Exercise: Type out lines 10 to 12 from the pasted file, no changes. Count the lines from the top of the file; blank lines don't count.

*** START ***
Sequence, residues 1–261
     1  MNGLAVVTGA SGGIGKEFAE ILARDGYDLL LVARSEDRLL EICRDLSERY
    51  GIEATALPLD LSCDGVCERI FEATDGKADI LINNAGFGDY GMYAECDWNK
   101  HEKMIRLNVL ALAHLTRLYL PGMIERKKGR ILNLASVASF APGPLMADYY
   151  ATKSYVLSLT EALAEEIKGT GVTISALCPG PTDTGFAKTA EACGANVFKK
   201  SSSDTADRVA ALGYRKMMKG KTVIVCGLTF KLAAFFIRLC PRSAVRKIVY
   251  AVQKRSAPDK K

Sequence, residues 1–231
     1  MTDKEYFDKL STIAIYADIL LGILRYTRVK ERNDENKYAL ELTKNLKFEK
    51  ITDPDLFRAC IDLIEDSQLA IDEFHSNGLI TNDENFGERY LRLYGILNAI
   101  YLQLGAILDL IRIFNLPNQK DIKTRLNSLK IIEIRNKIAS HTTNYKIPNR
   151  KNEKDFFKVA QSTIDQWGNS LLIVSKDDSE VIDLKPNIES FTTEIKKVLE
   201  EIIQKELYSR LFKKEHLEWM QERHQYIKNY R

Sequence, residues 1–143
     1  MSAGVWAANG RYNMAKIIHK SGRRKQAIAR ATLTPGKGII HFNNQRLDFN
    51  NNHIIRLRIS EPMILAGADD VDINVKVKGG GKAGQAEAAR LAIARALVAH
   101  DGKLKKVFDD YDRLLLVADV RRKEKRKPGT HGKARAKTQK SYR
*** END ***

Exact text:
    51  ITDPDLFRAC IDLIEDSQLA IDEFHSNGLI TNDENFGERY LRLYGILNAI
   101  YLQLGAILDL IRIFNLPNQK DIKTRLNSLK IIEIRNKIAS HTTNYKIPNR
   151  KNEKDFFKVA QSTIDQWGNS LLIVSKDDSE VIDLKPNIES FTTEIKKVLE